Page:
JC: As far as producing, my dad has actually been a producer all his life and I’ve seen him do it all my life. He taught me that if you do it right, it should be really subtle. If you watch Rick Rubin produce, he’s trying to be really subtle and let the band and the music be. It’s a pretty hard thing to put your finger on in Lettuce because we are all producing, playing, and writing it at the same time. The reason we give Joel Hamilton a producer credit is A) because he asked for it and B) because he brings a great deal of organization to the session when there are six or seven of us running around like crazy kids. He is trying to make sense of the session. It really takes all of us to do that though, so we actually all produce it together. There isn’t really one thing that you could say, “That was production.” It takes everyone to make something out of this pretty crazy environment and turn it into an album.

Joel is really an incredible engineer. He has his finger all over the sound of it: the tones and whether it feels cold or dark or dirty or rough around the edges. That is Joel. The crazy way the horns sound – that’s all Joel. He is a genius engineer, really. Back in the day, producer and engineer were always separate and they worked together really closely. Now, those to jobs kind of get mixed together. Part of it is organizing the sessions and making the best use of the time, and part of it is working with all these sounds. I plug my bass in and he can do a lot of different things to make it sound a lot of different ways. He has the ultimate say on the tones and how thick or thin each element is, which puts a lot of his personality on the record.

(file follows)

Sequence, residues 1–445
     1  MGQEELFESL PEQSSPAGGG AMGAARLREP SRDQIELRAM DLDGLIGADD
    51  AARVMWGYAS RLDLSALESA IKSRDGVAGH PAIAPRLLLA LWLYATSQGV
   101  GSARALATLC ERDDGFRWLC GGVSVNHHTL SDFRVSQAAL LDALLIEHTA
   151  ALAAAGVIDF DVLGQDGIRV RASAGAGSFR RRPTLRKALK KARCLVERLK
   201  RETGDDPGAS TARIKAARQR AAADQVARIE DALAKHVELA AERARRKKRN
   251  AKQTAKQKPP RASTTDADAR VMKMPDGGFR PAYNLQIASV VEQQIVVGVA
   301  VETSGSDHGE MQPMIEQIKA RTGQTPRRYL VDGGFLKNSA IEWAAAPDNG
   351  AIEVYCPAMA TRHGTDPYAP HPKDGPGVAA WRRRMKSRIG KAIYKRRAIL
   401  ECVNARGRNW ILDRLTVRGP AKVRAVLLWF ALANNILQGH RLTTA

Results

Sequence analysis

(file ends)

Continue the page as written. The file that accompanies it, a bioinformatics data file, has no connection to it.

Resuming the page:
JAMBASE: In terms of these EP songs, what are some of the most challenging songs or what songs have interesting nuances or stories that people might not know about?

JC: The first thing I can think of is the title song, “Mt. Crushmore,” which is a song that we have been opening sets with for years. If you’ve seen shows or you like the band, you’re going to recognize it. It’s something we use as an introduction for our sets. So, we have been really excited to put it out, it just never ended up on any of our records. We all like the song so much that it’s kind of surprising that we never put it on Crush, but that is a cool thing. We have new material that is familiar which is something I really like a lot, because it’s only in the last few years that we’ve started playing the new songs out first before we put them on a record.

We always used to put them on the record before we played them. This is a song that we’ve played probably 50 times, but people have no recording of it. Its title used to be “Evil Wu,” which was a working title. It’s funny, none of us really ever thought it sounded that much like Wu Tang, but we just kept calling it that. So it felt appropriate to give it an important title and make it the title track.

That song actually came from a soundcheck, which is cool since that is a different side of the process as opposed to songs when one person writes a song and brings something in. We sit there at our soundcheck on our instruments and just create. That’s how we wrote “Phyllis” too from Crush. Deitch just counts something off, and he starts playing what he played on the record and I start playing what I played on the record, and spontaneously wrote a song together. That’s the same way “Mt. Crushmore” came together. We started out with nothing and next thing we know we realized we definitely had something.

JAMBASE: At this point, you guys have played virtually every festival. Do you have any that either you personally or as a band that you like above and beyond the others?

JC: Oh my god, I love Hulaween. That place is totally breathtaking and magical. It’s down in Florida and it’s just a magical place. Sometimes they find these locations that are just beautiful any day of the week, and they build these amazing festivals around these places. Electric Forest is another amazing one. Bonnaroo was really special for us this year for the first time was really special for us.